'Hi, Da.'

'Goodness me, did you grow an inch since I saw you in the morning?!'

The boy laughed and put a washed plate onto the rack. With a chuckle Bard ruffled his curls and sat at the table.

'What's on the menu, chiefs?'

'Macaroni and cheese,' his eldest two said in unison and grinned at each other.

'Grand! Bring it on then!'

'I'll make tea for you, Da!' Tilda volunteered but Bard tugged her to him and sat her in his lap, taking a fork with his other hand.

'Let Sigrid handle tea, she's closer to the kettle. The next cup will be on you though.' There was too little space for four people there, especially with one eager ten-year-old and one gangly teenager not yet fully accustomed to his sprouting limbs. They didn't need any more crockery shuttered and tantrums thrown.

Sigrid put a plate heaped high before him.

'There's plenty more if you want.'

'Is that so?' Bard feigned surprise. 'Hasn't Bain eaten his thirds yet?'

'Oh come on, Da!' the boy laughed, rinsing cutlery, 'I don't eat that much.'

'You do,' the girls said, in unison too.

'Just as you should,' their father remarked with a smile at their laughter. 'I did at your age. Felt hungry around the clock.'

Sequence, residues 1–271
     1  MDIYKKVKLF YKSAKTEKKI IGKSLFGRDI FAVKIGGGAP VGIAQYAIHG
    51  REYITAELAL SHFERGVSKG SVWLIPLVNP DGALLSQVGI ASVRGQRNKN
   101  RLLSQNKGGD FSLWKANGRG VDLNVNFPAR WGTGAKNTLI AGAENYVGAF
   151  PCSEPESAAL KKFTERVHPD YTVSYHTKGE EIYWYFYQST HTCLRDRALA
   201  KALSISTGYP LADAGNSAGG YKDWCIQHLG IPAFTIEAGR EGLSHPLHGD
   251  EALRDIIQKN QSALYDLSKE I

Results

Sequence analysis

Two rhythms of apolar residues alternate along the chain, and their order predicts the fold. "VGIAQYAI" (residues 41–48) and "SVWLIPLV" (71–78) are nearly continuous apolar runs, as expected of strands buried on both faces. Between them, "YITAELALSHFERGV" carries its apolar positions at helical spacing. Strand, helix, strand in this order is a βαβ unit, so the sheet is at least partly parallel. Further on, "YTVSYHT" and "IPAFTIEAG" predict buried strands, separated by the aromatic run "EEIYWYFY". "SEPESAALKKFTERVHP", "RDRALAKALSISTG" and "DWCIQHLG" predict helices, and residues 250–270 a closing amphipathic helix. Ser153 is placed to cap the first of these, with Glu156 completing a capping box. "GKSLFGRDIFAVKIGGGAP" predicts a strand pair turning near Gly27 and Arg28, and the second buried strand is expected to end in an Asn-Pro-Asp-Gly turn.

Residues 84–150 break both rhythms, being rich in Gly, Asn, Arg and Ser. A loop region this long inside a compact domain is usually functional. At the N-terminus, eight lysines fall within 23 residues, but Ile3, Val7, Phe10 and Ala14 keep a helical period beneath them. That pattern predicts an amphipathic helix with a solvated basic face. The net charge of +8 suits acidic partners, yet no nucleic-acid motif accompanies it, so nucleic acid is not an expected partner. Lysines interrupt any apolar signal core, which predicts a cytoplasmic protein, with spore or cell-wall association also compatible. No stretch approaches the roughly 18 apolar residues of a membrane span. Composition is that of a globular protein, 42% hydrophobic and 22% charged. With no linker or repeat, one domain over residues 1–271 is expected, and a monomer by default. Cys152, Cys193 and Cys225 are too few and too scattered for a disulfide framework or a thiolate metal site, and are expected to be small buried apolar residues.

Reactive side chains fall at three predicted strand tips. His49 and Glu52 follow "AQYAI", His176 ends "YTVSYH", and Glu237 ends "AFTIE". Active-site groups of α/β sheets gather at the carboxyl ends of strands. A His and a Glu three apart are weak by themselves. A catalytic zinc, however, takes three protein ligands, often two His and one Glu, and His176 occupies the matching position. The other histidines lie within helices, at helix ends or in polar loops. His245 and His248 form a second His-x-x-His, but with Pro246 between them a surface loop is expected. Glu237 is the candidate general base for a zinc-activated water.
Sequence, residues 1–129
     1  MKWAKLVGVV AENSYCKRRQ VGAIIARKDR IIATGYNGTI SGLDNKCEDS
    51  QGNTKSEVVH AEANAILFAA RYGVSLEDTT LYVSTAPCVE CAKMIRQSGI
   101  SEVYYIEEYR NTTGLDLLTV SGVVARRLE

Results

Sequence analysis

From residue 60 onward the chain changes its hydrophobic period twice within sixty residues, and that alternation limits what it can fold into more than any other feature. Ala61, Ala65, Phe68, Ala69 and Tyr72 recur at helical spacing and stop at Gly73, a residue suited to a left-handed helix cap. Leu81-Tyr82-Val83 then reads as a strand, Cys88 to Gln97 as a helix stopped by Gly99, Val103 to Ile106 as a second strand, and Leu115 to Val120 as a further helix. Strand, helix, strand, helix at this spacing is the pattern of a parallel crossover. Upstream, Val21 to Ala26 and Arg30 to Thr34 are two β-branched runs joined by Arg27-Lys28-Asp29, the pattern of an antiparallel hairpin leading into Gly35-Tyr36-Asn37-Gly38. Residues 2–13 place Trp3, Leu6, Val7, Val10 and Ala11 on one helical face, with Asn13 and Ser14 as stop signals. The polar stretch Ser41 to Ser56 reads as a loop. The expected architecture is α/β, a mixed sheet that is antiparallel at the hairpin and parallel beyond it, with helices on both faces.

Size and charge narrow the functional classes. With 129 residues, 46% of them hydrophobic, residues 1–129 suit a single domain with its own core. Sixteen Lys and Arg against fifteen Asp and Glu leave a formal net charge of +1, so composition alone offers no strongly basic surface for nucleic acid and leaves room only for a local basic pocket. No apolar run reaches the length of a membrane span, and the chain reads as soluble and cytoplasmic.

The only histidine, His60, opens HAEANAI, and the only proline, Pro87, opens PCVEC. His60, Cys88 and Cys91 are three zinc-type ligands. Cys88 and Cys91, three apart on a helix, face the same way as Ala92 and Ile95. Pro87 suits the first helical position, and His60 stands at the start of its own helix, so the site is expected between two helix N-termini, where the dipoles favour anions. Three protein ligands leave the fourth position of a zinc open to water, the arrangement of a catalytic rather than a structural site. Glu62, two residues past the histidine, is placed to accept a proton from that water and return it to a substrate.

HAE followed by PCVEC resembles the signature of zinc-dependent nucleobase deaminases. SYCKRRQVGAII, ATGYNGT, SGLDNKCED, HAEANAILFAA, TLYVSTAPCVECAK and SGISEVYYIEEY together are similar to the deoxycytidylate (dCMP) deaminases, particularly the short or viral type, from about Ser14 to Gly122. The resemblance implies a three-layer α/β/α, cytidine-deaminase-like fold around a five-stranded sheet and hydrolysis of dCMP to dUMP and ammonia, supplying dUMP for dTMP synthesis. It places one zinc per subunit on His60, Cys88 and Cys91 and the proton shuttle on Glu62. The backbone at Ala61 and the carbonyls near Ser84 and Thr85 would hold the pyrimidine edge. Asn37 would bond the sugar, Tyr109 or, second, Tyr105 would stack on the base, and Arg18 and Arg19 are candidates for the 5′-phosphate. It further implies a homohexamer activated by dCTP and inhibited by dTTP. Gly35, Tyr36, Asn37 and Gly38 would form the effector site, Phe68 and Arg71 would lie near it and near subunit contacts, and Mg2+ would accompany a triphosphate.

Bain grumbled something indignant, too low for them to hear over the running water, and Bard couldn't help but notice how deep his boy's voice was already. He also saw very well the frayed cuffs of Sigrid's house dress, the way Bain's wrists started sticking out from yet another shirt, and he recognized the color of the chainmail-looking top Tilda was wearing over her blouse as knitted by his oldest daughter from strips of his old worn-down sweatshirt.

They weren't utterly destitute but money had been tight ever since his wife's illness had drained most of their savings. And in the current economy it was a constant struggle to make the ends meet, even with all the social benefits and tax credits. It had long become a sad habit when Sigrid put a couple of pastries to go with his black tea and Bard ate one pastry and quartered the other, sharing it with his family. Avery Aranuir chose quite well whom to offer a hefty raise. Flames of stubborn anger and helpless despair twined in Bard, and Tilda, always keenly aware of her Da's mood, leaned tighter into him.

'Will you help me with my puzzle?'